Ask just about anyone what the best kind of punch is, and they’ll probably say “uppercut.” This is partly because “uppercut” is the only punch that anyone outside of boxing fandom can actually identify by name, but mostly because seeing one pulled off well can be breathtaking. A rising blow from the hip to the target’s chin, a good uppercut can floor an opponent, break a jaw and potentially even kill.
It can also look awesome.
Above: Yes, even in the context of corporate-looking stock photos
Unsurprisingly, nowhere are uppercuts more awesome than in videogames, which since the ‘80s have shaped our perception of them to the point where they’re no longer just power punches employed by extremely tough men. They’re finishing moves, ultra-powerful attacks and metaphorical middle fingers to the enemies we’re about to knock unconscious. At their best, they also feel great to pull off, as proved by the following examples:
Little Mac’s power punch
The original, and still one of the best. Uppercuts in Punch-Out!! Have always been more special than a normal punch, because you have to earn them – usually by stunning your rival boxer as he winds up for a big attack. And when you decide to cash them in, you’ll need to pick your moment carefully so that they’re not blocked.
When they connect, there are few things more gratifying than the quick wind-up…
… followed by the jumping fist-slam into your opponent’s face.
Above: OH GOD IT’S BETTER THAN (8-BIT) SEX
Uppercuts were kind of marginalized in the looser 16-bit Super Punch-Out!!, but came back with a renewed fury in 2009’s Punch-Out!! for Wii, in which the wind-ups were even more dramatic…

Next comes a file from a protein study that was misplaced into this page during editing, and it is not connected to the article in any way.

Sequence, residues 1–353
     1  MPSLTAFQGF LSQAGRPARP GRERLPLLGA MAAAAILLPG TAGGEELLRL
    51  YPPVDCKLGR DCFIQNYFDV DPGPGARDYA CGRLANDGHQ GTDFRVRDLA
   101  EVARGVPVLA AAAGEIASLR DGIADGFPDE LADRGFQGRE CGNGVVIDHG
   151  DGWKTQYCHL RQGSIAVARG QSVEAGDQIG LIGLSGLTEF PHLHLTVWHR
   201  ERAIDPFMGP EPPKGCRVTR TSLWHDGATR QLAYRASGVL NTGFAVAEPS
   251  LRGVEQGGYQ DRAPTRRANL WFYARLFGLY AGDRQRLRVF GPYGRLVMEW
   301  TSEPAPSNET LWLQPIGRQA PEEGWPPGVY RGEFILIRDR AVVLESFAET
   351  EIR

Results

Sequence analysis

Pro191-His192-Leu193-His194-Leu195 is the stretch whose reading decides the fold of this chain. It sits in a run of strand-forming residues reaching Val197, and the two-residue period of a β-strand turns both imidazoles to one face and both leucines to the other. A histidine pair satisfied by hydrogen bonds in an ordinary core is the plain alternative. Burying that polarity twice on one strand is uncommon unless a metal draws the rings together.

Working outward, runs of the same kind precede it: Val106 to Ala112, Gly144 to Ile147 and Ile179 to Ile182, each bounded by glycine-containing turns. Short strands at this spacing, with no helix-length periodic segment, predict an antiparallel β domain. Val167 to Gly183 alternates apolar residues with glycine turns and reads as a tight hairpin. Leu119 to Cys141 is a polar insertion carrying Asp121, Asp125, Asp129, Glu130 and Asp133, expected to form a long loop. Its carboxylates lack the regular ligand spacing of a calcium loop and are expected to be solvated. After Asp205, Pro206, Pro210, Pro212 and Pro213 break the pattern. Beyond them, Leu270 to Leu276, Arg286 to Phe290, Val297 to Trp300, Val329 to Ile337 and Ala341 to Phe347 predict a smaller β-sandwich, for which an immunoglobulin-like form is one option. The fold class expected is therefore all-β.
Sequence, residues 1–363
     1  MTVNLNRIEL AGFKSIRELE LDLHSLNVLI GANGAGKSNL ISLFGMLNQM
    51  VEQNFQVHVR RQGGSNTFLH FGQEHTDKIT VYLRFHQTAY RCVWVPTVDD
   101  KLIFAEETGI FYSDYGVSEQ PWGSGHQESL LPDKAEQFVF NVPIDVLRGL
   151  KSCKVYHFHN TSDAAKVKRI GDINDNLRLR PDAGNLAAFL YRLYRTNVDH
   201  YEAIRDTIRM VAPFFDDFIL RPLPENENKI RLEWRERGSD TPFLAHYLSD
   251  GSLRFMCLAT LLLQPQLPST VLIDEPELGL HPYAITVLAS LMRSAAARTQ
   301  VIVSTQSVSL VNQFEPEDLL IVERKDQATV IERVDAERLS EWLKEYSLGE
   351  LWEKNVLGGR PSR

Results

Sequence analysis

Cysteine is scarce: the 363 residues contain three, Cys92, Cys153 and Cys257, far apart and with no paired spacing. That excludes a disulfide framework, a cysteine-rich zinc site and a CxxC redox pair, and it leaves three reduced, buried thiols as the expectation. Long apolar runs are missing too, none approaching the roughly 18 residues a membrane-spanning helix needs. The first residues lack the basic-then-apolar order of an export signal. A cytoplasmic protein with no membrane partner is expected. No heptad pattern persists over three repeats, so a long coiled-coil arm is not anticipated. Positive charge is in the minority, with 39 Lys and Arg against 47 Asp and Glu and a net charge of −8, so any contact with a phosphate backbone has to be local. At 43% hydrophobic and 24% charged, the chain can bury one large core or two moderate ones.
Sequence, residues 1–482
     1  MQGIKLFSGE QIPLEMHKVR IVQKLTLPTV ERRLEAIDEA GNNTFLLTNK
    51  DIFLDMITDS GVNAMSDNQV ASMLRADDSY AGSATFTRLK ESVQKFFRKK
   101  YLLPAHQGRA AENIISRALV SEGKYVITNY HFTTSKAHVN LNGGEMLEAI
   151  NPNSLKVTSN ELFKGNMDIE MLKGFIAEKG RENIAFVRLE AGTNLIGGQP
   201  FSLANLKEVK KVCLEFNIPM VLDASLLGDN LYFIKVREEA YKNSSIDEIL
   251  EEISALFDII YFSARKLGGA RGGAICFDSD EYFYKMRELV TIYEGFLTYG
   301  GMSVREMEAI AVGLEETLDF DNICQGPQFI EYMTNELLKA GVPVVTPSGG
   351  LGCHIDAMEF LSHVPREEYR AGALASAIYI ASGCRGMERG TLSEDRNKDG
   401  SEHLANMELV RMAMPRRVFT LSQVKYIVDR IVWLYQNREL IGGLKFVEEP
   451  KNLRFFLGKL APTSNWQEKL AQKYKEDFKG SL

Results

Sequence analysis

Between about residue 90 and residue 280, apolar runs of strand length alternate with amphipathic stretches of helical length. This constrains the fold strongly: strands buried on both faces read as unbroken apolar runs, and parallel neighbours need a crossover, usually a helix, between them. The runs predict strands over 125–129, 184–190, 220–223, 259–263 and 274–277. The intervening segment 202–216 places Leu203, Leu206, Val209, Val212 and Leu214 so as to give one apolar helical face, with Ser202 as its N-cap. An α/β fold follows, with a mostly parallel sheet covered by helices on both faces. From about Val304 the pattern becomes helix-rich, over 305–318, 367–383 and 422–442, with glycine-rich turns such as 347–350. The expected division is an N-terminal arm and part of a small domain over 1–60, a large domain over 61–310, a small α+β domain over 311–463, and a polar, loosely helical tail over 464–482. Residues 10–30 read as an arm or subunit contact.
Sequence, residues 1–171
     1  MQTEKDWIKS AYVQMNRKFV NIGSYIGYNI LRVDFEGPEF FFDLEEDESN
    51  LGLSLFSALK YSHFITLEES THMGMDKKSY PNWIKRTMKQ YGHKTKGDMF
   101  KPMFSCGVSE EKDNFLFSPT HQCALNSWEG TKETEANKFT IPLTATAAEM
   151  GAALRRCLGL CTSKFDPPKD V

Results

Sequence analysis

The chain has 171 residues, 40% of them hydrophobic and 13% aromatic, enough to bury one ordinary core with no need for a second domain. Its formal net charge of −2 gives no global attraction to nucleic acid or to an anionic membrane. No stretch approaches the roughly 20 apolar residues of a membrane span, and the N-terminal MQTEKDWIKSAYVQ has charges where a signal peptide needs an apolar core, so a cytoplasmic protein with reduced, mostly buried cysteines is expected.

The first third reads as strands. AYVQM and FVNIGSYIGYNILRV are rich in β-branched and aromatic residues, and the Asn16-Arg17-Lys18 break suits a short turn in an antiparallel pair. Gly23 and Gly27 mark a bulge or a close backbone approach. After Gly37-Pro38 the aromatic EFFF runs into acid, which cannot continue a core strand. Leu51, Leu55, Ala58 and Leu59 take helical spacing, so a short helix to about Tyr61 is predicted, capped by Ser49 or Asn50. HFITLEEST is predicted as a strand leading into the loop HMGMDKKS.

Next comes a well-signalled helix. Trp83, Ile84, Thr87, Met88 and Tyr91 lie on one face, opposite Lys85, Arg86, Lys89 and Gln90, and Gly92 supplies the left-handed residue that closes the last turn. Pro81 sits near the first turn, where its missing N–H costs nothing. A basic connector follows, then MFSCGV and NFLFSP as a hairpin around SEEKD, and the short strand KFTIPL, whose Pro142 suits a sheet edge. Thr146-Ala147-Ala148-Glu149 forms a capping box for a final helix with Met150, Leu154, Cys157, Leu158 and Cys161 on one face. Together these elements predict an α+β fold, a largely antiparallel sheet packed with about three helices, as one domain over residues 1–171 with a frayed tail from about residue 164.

Above: Cowering of this magnitude would never have been possible on an 8-bit system
… and the payoff even more brutal.
Granted, these still never quite defeat our opponents as utterly as we always hope they will. But when your opponent wobbles to his feet, just try to see it as another opportunity to smash his face with more uppercuts.
Lee Brothers crouching upper
Double Dragon II: The Revenge, the NES sequel to the original trailblazing brawler, had two kinds of uppercuts: the lame kind that came at the end of a combo, and the badass kind that launched your enemies 15 feet into the air with the sound of an 8-bit cannon firing.
Above: Even if they were hulking Danny Trejo impersonators
Again, this one was made all the more satisfying by the fact that it had to be earned, this time as much through luck as through skill and careful timing. While normal uppercuts could be performed anywhere, the super variety could only be pulled off from a crouch, which meant you either had to be knocked down, or time your hit carefully at the very end of a jump. It wasn’t easy, but when you could get them to connect, they felt amazing – especially when used to send an enemy screaming off a rooftop ledge.
Above: HA HA HA HA HA HA HA
Several years later, Final Fight featured a memorable combo-ending punch that, unlike Double Dragon II, was endlessly fun to bust out over and over again. And that was great, because protagonist Cody’s standard four-punch combo – which consisted of two jabs, a body blow and a devastating upper – was about the extent of his unarmed-attack repertoire throughout the entire game.
It may seem antiquated and repetitive now, but back in the early ‘90s that uppercut was half the fun of cleaning up the city’s streets. It was so fun, in fact, that Cody’s combo was copied almost exactly for the cruddy, Activision-published Alien vs Predator tie-in game on Super Nintendo.
Above: Not even creepy alien hunters are above a little intellectual-property theft, it seems